GE’s decision to sharpen focus on manufacturing of big-ticket items such as jet engines and power turbines won wide favor from investors who said the company’s finance division, and the regulatory burden that came with it, was weighing down its stock valuation.

GE Capital’s size and the potential risk from its lending portfolio has made it subject to government oversight. The company plans to apply next year to escape its designation as a systemically important financial institution, although Sherin said the path to do so was not entirely clear.

“We’re the first, there’s no specific process,” he said. “We understand why we were designated as a systemic financial institution and if we address those factors … we think we will be able to achieve that goal.”

Some analysts have worried that rising interest rates or a drop in the stock market could hurt valuations for GE Capital’s remaining assets.

Sherin said he is not particularly concerned about a slight rise in interest rates.

“A severe dislocation in financial markets of some type would slow us down, for sure,” Sherin said.

(Reporting by Lewis Krauskopf in New York; editing by Chizu Nomiyama and Phil Berlowitz)

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Emerson Electric to spin off network power business

U.S. factory automation equipment maker Emerson Electric Co (EMR.N) said it planned to spin off its network power business as part of its efforts to focus on high-growth businesses.

The network power business, which makes power systems that help keep telecommunication systems, data networks and other critical business applications operating continuously, accounted for about 20 percent of total sales in 2014.

The decision to spin off the business resulted from a roughly year-long strategic review with the company’s board.

“When we built the business over the last 10, 15 years, the marketplace has changed dramatically,” Chief Executive David Farr told Reuters.

“So the timing was right to give this network power team a chance to grow and prosper with different types of targets for growth and profitability.”

Sales at the network power unit fell 18 percent in 2014 and 9 percent in the second quarter ended March 31, as global telecommunications companies cut spending.

“We expect investors to applaud the long-awaited decision to exit this lightning rod of discontent, which we have consistently viewed as the first step in Emerson’s ambitions to return to a premier, higher-quality multi-industry name,” RBC Capital Markets analyst Deane Dray wrote in a note.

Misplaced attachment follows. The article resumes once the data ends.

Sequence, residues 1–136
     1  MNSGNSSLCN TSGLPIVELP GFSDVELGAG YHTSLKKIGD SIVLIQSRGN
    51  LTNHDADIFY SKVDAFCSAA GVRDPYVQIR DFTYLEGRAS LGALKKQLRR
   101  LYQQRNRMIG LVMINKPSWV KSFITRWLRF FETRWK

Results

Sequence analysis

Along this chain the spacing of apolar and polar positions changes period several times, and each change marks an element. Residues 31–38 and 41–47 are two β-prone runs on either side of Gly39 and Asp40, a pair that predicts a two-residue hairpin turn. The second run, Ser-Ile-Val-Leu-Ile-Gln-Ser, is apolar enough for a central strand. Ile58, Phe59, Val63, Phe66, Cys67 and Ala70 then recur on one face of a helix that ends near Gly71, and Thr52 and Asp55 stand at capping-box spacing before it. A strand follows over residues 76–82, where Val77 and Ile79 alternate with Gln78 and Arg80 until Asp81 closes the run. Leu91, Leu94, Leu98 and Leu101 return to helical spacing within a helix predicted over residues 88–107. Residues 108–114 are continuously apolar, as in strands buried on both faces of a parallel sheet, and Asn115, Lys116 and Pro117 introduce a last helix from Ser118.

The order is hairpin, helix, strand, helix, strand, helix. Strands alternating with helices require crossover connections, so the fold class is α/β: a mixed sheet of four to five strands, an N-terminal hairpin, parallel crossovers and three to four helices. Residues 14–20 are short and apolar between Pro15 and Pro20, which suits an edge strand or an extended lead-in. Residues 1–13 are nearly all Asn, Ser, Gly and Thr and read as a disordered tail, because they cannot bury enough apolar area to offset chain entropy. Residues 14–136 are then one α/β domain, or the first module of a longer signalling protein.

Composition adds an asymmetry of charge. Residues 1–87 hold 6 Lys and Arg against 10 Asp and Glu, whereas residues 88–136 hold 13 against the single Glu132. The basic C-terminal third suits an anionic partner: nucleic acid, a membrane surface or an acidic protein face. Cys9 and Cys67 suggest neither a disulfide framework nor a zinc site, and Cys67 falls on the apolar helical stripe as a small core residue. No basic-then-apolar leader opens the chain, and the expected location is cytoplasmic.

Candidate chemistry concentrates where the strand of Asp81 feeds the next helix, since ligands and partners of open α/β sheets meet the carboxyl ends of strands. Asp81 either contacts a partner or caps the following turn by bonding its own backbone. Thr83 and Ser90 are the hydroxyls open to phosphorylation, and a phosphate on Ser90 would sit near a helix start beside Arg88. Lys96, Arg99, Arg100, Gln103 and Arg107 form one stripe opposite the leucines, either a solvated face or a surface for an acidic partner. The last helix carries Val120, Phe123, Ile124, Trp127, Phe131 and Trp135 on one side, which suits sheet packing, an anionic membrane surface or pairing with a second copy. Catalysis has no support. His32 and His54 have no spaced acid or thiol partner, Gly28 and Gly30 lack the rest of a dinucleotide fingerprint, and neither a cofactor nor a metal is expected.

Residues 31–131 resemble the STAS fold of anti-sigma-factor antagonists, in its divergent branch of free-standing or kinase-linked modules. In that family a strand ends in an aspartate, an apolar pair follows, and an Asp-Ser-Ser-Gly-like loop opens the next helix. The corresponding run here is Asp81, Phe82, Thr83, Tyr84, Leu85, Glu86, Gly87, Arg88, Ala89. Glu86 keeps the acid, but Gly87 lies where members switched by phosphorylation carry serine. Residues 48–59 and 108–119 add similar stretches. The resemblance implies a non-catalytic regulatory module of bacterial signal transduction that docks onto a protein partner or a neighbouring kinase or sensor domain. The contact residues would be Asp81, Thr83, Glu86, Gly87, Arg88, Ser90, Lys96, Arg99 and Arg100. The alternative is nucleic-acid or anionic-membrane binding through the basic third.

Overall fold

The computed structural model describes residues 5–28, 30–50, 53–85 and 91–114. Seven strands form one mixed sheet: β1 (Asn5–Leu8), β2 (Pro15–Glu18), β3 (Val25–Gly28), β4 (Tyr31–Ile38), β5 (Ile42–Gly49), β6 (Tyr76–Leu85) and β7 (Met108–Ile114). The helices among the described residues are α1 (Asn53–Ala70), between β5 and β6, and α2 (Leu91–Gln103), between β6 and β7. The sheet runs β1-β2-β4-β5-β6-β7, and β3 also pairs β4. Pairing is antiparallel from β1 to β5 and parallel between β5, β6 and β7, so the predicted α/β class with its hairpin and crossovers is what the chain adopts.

The spin-off would result in two standalone publicly traded companies, Emerson said on Tuesday. The transaction is expected to be completed by Sept. 30, 2016.

Wells Fargo Securities analyst Richard Kwas estimates the unit’s enterprise value to be in the range of $4 billion-$6 billion.

Emerson said it would also explore “strategic alternatives” for its motors and drives, power generation and remaining storage businesses.

The motors and drives and the power generation businesses are housed in the company’s industrial automation unit, which contributed 20 percent to total sales last year.

Emerson said it would focus on its remaining industrial automation businesses, along with process management, and commercial and residential heating and air conditioning businesses.

The company sold its power transmission unit to Regal Beloit Corp (RBC.N) for $1.44 billion in December.

Last month, Emerson reported second-quarter revenue and profit below analysts’ estimates. Consequently, the company accelerated its restructuring-related spending plans for 2015.

JP Morgan and Centerview Partners are the financial advisers to the company.

Emerson’s shares were marginally up at $55.70 in late morning trading on the New York Stock Exchange on Tuesday. Up to Monday’s close, the stock had fallen about 10 percent this year.

(Editing by Savio D’Souza and Maju Samuel)

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Ex-BP engineer deserves new Gulf spill trial: U.S. appeals court

A former BP Plc (BP.L) engineer deserves a new trial on an obstruction of justice charge related to the 2010 Gulf of Mexico oil spill, a federal appeals court ruled on Tuesday.

The 5th U.S. Circuit Court of Appeals in New Orleans agreed with a lower court judge’s decision last June to throw out the defendant Kurt Mix’s December 2013 conviction.

U.S. District Judge Stanwood Duval acted after learning that the jury forewoman admitted to having heard in a courthouse elevator that other BP employees were being prosecuted over the spill, and told her deadlocked fellow jurors that this made her more confident that Mix was guilty.

Tuesday’s decision is a setback for the U.S. Department of Justice’s effort to hold individuals criminally liable for the April 20, 2010 explosion of the Deepwater Horizon drilling rig and its aftermath. The disaster killed 11 workers and caused the largest U.S. offshore oil spill.